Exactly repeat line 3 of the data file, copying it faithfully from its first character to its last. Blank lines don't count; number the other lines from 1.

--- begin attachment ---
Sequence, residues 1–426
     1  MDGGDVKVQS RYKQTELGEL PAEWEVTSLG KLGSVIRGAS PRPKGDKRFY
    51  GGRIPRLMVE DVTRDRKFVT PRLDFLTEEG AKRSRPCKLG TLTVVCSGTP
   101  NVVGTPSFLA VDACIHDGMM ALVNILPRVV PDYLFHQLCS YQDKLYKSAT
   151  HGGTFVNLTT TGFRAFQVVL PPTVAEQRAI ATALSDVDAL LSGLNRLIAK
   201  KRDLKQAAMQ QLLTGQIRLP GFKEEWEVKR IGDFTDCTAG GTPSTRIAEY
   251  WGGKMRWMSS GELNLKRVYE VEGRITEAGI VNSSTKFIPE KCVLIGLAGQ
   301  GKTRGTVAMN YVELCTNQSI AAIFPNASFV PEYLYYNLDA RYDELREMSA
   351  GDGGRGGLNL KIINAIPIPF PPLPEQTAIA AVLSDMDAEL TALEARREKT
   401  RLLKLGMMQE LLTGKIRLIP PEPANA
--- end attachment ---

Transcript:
    51  GGRIPRLMVE DVTRDRKFVT PRLDFLTEEG AKRSRPCKLG TLTVVCSGTP